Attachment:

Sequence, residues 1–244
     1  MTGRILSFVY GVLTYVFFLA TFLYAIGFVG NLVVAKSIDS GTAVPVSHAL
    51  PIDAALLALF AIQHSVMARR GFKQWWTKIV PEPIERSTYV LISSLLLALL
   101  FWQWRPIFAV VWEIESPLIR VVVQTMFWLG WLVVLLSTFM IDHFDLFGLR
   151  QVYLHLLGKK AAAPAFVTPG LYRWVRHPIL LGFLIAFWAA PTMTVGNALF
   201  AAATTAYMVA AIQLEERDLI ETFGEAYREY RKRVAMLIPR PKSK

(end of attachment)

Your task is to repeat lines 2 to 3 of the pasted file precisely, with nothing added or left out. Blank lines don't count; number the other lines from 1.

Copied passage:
     1  MTGRILSFVY GVLTYVFFLA TFLYAIGFVG NLVVAKSIDS GTAVPVSHAL
    51  PIDAALLALF AIQHSVMARR GFKQWWTKIV PEPIERSTYV LISSLLLALL